My husband drove out to New Hampshire for a business trip last week. And so it was, on Monday evening, the house quiet, no music, no television-that I found a picture of me and my father.
“Wow. I always hated this picture of myself. Not so much anymore, huh dad? Umm…it’s/been/hard…” The words tumbled from my mouth, and before I knew it, I was crying-my body wracked with emotional pain, I sensed something huge was in the air.
Jesus spoke to me again.
Child, it is time to let go of your shame.
Was I hearing Abba correctly? Why, I didn’t realize I still carried it with me, the deep seated self loathing. It took some time, but everything came together, as if a giant piece of the puzzle had been found. I turned the pain into gratitude, as I remembered why I had such shame to begin with.
As a child, I knew shame. My mother would go for days without speaking to me, and for the life of me, I truly never knew what provoked her ire. I stopped a moment to think about what deep shame could do to a child in her formative years. Eventually, I would buy her a card or pick her flowers. I came across one such card in my mother’s bible just a while back.
Mom, I just wanted you to know that I’m sorry, and I love you very much.
In school I suffered total shame because of my weight. The kids were cruel, and the taunting was so persistent? It took me well into my thirties before I could jog or walk past a group of teens. No matter that I had lost the weight, I still felt the shame.
In High School, considered a jock and oddball, (Varsity Crew Coxswain) I began to realize that this wasn’t going to resolve itself, but I had no idea where to begin. At Villanova, my shame came from not having or being enough. Surrounded by incredibly wealthy and beautiful people, I made up a story about being a Jontue model. Unfortunately, people not only believed me, they spread the word. I mean, who doesn’t want to be friends with a famous model, right? In college I learned to reinvent myself, and the only person I was hurting was me. Why wasn’t I enough?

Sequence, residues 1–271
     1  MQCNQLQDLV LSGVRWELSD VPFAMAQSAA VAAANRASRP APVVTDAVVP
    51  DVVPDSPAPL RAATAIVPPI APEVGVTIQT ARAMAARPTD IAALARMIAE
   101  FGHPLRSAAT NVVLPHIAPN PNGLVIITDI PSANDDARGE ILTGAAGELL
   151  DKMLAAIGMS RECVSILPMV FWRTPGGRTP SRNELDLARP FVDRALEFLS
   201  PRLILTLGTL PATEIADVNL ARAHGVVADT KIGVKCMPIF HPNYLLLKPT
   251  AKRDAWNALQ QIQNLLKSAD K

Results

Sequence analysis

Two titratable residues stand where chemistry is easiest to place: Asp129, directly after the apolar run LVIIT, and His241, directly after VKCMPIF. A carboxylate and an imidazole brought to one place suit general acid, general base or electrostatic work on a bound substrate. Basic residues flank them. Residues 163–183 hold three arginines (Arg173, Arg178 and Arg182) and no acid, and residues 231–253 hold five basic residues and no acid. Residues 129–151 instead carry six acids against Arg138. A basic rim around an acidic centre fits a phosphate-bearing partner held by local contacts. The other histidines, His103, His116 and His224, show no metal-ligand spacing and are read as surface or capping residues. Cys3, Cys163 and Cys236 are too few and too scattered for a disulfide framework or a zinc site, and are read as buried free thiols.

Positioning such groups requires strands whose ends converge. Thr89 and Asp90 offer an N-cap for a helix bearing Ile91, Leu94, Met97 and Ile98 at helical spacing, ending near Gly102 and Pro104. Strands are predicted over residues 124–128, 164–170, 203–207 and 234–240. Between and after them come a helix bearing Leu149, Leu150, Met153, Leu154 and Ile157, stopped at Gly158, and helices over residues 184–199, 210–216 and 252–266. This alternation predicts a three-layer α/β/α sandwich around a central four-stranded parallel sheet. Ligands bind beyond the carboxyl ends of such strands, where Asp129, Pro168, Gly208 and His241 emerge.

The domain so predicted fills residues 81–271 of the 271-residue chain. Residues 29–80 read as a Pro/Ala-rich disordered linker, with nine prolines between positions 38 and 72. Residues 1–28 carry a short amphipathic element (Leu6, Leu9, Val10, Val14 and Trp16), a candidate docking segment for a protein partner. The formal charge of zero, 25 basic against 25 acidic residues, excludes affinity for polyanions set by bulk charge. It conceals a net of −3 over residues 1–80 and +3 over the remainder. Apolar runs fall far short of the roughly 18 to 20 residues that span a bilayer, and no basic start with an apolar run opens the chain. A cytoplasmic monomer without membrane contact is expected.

After college, my drinking career became legend in some parts of King of Prussia. I began seeking attention (love) through a series of promiscuous love affairs-and the reputation stuck. I began doing cocaine as a way to lift my spirits and self esteem; what could possibly go wrong?
The day I found myself on the doorstep of my rented home, due to losing an eight ball of coke. I had given my brother a birthday party, and while I had my back turned, one of my nearest and dearest friends (I had only invited people we were very close to) had lifted the bag I had hidden, way in the back of my closet, under a stack of love letters. I had promised Ted, my landlord, that I would sell it all that night. There are no words to express my horror at finding I had been robbed. I had no money to give him, and that didn’t sit well, not at all.
Ted sold drugs for the Gambino crime family.
I went on the run. My room mate and best friend, Mel, beside me-we drove away like bats out of hell, and didn’t look back, not once.
So, with my worsening alcoholism and drug addiction, there were reasons to be ashamed. And as I sat in my bedroom, weeping between the litter boxes, I asked myself this question:
What is there to be ashamed of now? Why do you feel unworthy? Why do you punish yourself for simply existing?
Let me light my lamp, says the tiny star; and never debate whether it will dispel the darkness.
– Rabindranath Tagore
May you shed your shame like the cloak of darkness it has become.
You are special, unique and loved-let your freak flag fly, baby~